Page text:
What is Benign Prostatic Hyperplasia?
Benign prostatic hyperplasia (often referred to by its abbreviation, BPH) is enlargement of the prostate gland that commonly occurs as men age. BPH is not prostate cancer, and it will not spread. Many men are affected; in fact, approximately 80% of men have symptoms of BPH by the age of 80 years.
The urethra carries urine from the bladder to the tip of the penis. An enlarged prostate gland can limit your ability to pass urine because it affects the size of the urethra. If you imagine your prostate as a donut, the urethra would be the hole in the middle. If the donut increases in size, the donut hole gets smaller.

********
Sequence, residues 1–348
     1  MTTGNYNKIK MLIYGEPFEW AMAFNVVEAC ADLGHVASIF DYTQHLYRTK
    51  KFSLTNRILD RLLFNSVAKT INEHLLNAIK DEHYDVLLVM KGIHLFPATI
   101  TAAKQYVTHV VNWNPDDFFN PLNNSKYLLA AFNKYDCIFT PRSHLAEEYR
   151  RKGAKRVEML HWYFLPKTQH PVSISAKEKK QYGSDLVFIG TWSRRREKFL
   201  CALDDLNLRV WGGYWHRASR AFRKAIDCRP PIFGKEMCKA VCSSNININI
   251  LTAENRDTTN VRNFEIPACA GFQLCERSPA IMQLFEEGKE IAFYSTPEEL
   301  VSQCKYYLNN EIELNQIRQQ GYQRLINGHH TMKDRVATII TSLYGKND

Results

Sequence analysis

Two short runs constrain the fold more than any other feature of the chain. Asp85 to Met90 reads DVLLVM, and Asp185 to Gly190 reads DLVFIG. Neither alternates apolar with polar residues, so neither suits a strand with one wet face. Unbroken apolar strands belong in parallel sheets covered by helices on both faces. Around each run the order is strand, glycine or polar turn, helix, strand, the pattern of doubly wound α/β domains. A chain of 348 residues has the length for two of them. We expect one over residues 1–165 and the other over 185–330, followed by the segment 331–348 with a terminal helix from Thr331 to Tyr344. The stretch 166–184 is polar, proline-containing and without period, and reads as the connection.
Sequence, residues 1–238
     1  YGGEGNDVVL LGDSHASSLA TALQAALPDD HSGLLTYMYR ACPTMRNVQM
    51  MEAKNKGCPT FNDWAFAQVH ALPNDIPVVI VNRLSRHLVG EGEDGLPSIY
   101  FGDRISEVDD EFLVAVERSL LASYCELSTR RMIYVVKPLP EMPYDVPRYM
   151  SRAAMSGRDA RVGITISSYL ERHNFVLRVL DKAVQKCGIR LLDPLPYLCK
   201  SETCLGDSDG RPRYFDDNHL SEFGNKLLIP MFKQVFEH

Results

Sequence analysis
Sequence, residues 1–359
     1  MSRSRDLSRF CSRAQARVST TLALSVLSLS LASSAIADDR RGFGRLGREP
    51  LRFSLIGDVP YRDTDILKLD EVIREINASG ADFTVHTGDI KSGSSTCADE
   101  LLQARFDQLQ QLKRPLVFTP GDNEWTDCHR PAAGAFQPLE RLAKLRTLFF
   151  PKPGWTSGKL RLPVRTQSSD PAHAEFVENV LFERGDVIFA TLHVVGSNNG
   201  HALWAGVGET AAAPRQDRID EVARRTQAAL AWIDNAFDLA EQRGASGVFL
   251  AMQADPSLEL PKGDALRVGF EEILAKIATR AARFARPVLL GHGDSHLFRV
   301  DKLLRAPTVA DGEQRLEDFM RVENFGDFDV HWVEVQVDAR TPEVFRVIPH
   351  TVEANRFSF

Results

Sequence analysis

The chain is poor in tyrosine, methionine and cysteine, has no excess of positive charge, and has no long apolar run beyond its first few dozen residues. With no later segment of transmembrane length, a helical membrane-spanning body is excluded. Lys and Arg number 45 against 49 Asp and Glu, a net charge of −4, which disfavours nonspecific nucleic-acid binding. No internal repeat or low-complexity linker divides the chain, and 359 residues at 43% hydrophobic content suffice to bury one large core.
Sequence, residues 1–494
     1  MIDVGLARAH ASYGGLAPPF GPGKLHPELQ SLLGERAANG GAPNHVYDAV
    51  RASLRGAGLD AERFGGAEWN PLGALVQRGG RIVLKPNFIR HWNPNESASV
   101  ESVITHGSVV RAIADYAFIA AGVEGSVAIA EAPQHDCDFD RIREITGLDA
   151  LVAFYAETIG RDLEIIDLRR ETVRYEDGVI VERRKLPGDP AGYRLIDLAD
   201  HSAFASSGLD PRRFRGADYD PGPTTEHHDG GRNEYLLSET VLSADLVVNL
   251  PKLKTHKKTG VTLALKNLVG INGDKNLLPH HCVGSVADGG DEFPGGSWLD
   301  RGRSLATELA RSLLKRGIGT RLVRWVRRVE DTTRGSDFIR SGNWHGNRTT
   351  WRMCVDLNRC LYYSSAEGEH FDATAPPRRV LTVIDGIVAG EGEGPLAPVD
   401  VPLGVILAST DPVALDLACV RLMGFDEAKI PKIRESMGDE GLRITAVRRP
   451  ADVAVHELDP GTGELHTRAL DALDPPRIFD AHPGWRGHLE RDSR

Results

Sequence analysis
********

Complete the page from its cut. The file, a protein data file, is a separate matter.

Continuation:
If left untreated, BPH can lead to:
- Hematuria (blood in the urine)
- Inability to urinate with damage to the bladder
- Damage to the kidneys
If you have symptoms of BPH, it’s important that you seek treatment from a urologist to prevent kidney damage and other serious conditions. BPH can be treated with medicine, surgery or other procedures. At Northwestern Medicine, we offer multiple treatment options that we can tailor to each patient’s needs.